The procedure for calculating the optical rotatory power due to one electron transitions in an asymmetric field is simplified and systematized. The necessary transformations of functions to elliptic coordinates is carried through explicitly and the method of calculation is outlined. Extensive tables and graphs were prepared which greatly simplify the calculations. The method is applied to benzoin and the results are compared with the published experimental results which vary characteristically with the solvent. Representing transitions by eigenfunctions involving changes in more than one electron is the next natural but difficult improvement in this type of treatment.
18(1950); http://dx.doi.org/10.1063/1.1747910View Description Hide Description
The dielectric constant of a classical fluid, composed of spherically symmetric molecules with dipole‐dipole interactions, is calculated by a method that leads to formulas previously derived by Yvon but is more direct and yields additional results. The relations of the formulas of Lorentz, Yvon, Kirkwood, and Böttcher to one another are clarified. An accurate calculation of the deviation from the Clausius‐Mosotti formula requires knowledge of molecular distribution functions of various orders, but an approximate calculation is possible on the basis of the radial distribution function alone. It is shown that the success of Böttcher's approximation is partly the result of an approximate cancellation of errors, and that a practically equivalent formula can be obtained by another method that lends itself more readily to improvement. The distinctive feature of the present calculation is the introduction of quantities p i (h), the mean moment of molecule i when the positions of it and of h−1 other molecules are specified; Lorentz's formula corresponds to the approximation p 1 (2)=p 1 (1), and other formulas to various approximate evaluations of the difference p 1 (2)—p 1 (1).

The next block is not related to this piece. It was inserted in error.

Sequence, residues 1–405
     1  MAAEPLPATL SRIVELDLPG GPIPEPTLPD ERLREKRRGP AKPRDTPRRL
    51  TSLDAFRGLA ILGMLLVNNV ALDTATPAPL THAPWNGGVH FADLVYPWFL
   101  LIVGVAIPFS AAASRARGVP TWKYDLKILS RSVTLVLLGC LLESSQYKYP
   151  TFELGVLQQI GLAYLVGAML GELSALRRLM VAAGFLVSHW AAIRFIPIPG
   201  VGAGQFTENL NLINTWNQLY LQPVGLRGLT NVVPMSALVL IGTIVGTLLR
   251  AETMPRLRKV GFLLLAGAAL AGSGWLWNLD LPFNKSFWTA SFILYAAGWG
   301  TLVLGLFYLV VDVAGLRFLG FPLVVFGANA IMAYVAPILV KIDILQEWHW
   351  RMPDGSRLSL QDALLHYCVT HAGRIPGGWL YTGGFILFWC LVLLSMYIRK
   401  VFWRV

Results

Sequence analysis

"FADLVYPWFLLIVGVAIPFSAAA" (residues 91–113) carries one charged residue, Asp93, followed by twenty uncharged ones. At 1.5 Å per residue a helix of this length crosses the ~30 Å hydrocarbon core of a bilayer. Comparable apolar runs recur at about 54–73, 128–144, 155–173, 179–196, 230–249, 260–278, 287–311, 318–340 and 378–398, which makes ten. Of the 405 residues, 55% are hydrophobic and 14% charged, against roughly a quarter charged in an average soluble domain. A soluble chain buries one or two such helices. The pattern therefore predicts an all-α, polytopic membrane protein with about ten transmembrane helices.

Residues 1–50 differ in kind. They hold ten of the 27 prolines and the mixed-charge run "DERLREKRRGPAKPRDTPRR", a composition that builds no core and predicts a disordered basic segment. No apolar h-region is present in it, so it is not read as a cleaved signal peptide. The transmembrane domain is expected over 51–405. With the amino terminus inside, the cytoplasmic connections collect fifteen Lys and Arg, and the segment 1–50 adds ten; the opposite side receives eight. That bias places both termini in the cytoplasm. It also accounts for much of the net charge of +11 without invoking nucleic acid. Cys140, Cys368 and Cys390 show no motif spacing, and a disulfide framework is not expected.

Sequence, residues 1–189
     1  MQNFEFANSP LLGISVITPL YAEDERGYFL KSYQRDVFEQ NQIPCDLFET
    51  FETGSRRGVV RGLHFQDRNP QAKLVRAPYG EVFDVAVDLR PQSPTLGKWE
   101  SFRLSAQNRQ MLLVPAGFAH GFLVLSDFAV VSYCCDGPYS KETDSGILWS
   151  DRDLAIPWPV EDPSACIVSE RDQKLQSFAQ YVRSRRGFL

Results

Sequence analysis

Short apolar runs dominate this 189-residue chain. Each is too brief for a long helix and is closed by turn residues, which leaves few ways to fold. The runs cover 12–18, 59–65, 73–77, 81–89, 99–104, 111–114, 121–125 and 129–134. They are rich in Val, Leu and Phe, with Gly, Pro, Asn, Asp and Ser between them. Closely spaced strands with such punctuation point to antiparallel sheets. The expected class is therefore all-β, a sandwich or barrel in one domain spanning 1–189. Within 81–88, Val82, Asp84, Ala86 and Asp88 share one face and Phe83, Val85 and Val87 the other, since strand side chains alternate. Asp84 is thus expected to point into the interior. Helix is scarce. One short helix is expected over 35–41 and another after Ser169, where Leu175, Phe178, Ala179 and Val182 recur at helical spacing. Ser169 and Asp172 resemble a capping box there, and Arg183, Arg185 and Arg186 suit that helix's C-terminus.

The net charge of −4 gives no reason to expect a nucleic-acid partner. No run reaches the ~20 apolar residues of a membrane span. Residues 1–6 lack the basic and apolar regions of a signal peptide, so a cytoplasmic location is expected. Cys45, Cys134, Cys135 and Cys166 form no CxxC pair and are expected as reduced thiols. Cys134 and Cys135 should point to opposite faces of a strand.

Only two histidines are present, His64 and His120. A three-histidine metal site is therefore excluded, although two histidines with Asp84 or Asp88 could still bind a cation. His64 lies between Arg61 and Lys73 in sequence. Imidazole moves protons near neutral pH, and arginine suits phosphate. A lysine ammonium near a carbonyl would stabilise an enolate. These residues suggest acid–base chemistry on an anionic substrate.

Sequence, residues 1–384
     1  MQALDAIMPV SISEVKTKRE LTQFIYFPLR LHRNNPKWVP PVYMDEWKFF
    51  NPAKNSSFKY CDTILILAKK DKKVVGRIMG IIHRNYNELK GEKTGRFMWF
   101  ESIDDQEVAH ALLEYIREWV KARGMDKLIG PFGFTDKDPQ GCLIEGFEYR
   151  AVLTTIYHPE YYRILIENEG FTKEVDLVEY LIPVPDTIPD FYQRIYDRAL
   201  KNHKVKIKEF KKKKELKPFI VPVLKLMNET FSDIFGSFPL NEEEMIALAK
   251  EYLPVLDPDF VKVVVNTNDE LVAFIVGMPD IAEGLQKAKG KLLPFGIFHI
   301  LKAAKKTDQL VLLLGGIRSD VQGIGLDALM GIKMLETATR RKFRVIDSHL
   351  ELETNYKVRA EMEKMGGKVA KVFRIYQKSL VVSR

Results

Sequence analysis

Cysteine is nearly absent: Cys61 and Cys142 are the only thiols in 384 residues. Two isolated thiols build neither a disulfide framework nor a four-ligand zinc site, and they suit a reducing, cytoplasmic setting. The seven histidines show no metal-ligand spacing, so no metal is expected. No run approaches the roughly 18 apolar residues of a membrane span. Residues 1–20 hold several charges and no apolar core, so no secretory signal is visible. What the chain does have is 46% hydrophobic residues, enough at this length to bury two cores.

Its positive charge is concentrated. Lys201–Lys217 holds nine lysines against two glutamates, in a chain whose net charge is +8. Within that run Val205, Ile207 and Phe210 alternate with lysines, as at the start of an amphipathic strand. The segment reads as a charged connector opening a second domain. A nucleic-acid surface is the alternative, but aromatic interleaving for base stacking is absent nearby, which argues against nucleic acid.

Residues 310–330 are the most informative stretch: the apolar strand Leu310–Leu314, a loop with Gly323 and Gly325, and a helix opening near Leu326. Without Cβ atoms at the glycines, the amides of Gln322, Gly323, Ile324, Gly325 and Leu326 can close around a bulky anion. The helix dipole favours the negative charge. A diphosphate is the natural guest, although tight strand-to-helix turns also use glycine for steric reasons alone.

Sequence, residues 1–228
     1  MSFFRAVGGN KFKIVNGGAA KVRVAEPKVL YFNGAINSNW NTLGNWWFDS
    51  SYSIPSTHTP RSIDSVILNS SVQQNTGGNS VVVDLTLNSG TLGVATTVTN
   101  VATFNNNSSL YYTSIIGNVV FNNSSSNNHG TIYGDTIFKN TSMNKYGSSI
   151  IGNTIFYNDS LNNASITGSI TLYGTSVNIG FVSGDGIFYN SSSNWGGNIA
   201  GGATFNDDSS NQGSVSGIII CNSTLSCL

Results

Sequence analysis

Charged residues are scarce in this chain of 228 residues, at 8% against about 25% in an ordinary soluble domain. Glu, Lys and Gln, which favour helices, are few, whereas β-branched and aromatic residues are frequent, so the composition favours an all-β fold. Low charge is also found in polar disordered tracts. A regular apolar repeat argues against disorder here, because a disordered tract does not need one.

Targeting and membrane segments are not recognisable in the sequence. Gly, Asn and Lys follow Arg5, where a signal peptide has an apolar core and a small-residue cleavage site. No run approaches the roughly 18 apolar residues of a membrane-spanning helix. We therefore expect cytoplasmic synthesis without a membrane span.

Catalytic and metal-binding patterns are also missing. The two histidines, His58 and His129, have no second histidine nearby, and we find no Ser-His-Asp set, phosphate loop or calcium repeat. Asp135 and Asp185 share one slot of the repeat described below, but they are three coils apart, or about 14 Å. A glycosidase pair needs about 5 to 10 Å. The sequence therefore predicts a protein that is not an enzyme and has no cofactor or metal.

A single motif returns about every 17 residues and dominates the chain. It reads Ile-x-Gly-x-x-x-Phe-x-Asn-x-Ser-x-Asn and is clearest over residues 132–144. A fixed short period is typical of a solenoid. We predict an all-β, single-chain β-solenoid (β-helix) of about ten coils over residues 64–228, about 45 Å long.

18(1950); http://dx.doi.org/10.1063/1.1747911View Description Hide Description
Although the formulas of Part I do not apply strictly to actual gases and liquids, they suggest a possibly useful method of analyzing data on the variation of dielectric constant ε with density d under high pressure at constant temperature. The method is to express (ε+2)d/(ε−1) as a polynomial in d; the variable terms represent the deviation from the Clausius‐Mosotti formula. This method has been tested, and compared with alternative procedures based on more specialized formulas, by analysis of data on carbon disulfide (Chang, Danforth) and on carbon dioxide (Michels and Kleerekoper). It is concluded that the proposed method is an efficient one for representing the data, that the values of the coefficients are consistent with the approximate values estimated from the simplified theory, and that there is no advantage in the use of more specialized formulas. The precision of present ε vs. d data and of present knowledge of molecular distribution functions does not justify any more detailed conclusions.
18(1950); http://dx.doi.org/10.1063/1.1747912View Description Hide Description